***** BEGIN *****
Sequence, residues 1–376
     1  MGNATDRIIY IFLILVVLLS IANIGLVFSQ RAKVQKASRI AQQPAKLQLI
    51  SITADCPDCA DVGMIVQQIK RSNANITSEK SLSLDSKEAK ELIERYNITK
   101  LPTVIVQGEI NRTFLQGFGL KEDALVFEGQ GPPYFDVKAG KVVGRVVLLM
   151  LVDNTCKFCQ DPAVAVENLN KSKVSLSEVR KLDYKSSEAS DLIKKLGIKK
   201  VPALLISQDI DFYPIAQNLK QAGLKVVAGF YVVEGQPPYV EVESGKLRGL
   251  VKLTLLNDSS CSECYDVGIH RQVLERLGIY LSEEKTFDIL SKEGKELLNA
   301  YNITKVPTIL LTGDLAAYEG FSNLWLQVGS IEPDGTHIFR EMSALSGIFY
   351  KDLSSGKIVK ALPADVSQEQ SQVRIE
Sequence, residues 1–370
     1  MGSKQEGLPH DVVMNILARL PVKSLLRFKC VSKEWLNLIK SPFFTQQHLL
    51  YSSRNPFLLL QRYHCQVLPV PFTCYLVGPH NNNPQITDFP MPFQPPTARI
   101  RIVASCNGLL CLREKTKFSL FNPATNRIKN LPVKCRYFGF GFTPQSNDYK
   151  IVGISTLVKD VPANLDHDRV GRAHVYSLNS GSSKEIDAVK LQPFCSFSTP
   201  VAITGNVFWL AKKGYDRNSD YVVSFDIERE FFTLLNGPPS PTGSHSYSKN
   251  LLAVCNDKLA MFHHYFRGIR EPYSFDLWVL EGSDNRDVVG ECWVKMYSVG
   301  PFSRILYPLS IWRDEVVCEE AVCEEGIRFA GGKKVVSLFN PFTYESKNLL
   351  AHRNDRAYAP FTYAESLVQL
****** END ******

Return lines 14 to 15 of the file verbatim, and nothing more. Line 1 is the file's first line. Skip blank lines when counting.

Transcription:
   151  IVGISTLVKD VPANLDHDRV GRAHVYSLNS GSSKEIDAVK LQPFCSFSTP
   201  VAITGNVFWL AKKGYDRNSD YVVSFDIERE FFTLLNGPPS PTGSHSYSKN